Has there ever been a better time to start a side business? Probably not.
There’s relentless economic uncertainty, automation driving traditional career paths into obsolescence, mainstream acceptance of flexible working (allowing you to do more with your free time), and a vast digital landscape rich in opportunity and practical convenience.
So if you’re currently putting hours every week into some type of side hustle, that’s a smart move, and you should keep at it — but what are your aspirations?
You might be happy with treating it as a hobby, but maybe not. Maybe you want to scale it up, possibly to the extent that it becomes your sole business and finally gives you professional freedom.
- Goal: keep growing your side business.
- Obstacles: limited time, cash, and energy.
- Solution: make optimization the core of your operation.
Here are 7 side business tips you can do to scale without needing full-time hours or a huge budget:
1. Set Specific Goals
And by “specific”, I mean something involving measurable metrics. Your ultimate goal may be to make your side business your only business, but that’s far too broad.
Consider something like “Win 10 new clients within 3 months” — having a goal like this will allow you to focus in a way that you otherwise couldn’t.
Why is this?
Well, a side business is typically a solo operation, meaning you’ll spend a lot of time working on it in isolation.
That approach is great for coming through in a crunch, but it can easily lead to unproductive tangents such as obsessing over a company logo or spending hours picking out the perfect font.
Keep asking yourself this: “Will this help me win 10 new clients within 3 months?” — it will help you cut through the noise, because you’ll remember that your logo isn’t going to have that kind of power, and your effort should be going to something else.
2. Run Targeted PPC Advertising
Done well, today’s PPC is extremely cost-effective, particularly on Facebook where you can get extremely granular with your targeting: narrowing by location, interests, career, pages viewed, and many more elements.
If you really know your target audience, you can achieve fantastic CPC performance with supreme ROI.
That’s not all, though. Google Ads and other such platforms might not have access to the type of rich user data Facebook brings to the table, but just about every mainstream PPC avenue today offers automated optimization driven by machine learning.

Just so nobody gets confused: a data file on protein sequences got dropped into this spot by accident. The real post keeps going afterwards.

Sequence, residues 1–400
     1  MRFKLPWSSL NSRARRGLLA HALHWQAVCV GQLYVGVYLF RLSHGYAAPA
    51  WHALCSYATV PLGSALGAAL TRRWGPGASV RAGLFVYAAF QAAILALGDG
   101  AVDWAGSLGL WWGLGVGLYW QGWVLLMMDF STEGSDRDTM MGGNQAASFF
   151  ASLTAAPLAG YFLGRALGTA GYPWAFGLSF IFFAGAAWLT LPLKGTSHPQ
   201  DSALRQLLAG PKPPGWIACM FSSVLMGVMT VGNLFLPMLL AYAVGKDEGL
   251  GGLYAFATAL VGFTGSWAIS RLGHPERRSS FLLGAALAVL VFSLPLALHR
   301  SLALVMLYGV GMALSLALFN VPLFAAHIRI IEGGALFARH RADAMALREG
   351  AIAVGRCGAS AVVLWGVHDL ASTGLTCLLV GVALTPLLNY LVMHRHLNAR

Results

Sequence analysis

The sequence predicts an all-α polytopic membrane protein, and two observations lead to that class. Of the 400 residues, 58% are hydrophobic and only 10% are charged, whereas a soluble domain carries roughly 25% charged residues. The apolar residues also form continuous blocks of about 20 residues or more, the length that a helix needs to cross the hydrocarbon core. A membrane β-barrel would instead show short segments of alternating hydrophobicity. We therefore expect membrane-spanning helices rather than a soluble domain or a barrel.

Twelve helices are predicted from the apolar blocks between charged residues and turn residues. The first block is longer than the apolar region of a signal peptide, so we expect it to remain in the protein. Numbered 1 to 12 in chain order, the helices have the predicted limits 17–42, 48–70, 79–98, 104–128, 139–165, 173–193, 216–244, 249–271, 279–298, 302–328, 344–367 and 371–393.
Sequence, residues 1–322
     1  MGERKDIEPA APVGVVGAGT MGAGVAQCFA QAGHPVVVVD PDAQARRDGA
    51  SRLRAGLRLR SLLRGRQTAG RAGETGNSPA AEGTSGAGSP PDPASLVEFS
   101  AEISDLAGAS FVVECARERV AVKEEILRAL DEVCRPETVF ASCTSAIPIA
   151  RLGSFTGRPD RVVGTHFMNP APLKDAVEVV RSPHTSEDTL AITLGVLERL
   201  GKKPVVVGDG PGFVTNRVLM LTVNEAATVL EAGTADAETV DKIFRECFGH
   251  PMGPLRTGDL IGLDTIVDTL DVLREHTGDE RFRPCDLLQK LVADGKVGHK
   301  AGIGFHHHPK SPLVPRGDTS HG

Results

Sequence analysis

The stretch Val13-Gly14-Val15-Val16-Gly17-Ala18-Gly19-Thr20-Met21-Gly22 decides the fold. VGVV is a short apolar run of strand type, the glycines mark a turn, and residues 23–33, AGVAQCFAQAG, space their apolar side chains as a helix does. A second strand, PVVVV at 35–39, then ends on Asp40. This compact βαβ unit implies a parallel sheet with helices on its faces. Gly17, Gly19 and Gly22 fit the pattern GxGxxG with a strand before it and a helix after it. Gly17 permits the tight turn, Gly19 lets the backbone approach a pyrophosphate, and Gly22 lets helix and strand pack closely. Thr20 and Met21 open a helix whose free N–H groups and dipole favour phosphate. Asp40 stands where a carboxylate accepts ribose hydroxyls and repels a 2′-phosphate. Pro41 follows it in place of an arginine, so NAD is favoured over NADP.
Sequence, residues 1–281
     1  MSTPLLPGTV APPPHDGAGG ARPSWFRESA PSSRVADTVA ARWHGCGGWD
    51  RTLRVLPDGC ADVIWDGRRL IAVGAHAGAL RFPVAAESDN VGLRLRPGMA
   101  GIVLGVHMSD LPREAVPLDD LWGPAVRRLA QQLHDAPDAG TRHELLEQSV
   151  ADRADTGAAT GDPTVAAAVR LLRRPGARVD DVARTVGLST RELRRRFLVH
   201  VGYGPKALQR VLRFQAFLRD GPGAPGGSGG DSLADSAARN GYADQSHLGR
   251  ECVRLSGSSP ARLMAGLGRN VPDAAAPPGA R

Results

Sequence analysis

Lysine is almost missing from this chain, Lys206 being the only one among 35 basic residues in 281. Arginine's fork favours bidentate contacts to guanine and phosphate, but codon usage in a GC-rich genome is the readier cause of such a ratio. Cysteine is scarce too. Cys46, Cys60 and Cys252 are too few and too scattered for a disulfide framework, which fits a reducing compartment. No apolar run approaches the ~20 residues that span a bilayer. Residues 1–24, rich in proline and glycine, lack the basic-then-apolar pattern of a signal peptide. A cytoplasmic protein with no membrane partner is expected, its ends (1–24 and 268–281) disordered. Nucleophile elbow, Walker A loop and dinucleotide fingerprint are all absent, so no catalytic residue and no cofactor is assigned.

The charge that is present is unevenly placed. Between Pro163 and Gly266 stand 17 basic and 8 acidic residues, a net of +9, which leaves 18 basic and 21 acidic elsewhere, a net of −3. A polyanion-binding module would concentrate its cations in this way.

You need only set up the basics and leave the campaign to run: over time, the system will adjust the parameters to achieve incremental improvements. WordStream for PPC is a good analytical tool to add to your business arsenal — the investment will massively pay off when your campaigns start to run more efficiently.
3. Polish Your Website
As noted, PPC is a great way to go, but you should also be thinking about SEO — after all, search rankings stick with you and produce traffic, while PPC campaigns lose all impact once you stop funding them.
What you must do, then, is make your website as appealing as possible: both to search crawlers and to prospective customers/clients.
Firstly, cover your bases as far as technical SEO goes. Your website should load quickly, every page should have a logical title, and you should cover topics that people in your target audience are interested in and searching for.
Beyond that, make sure your content is impressive: it should be up-to-date, rich with imagery and expertise, and entirely professional.
Make your website look great, and your brand will look great too, giving you a huge advantage before people have even reached out to you.
4. Use Relevant Online Tools
The internet doesn’t just provide opportunities: it also provides resources. Incredible, comprehensive resources that can suit whatever budget you’re working with.
If you’re not taking full advantage of them, you’re giving your business a severe handicap for no reason.
At a minimum, ensure that you’re doing each of the following:
Tracking Your Time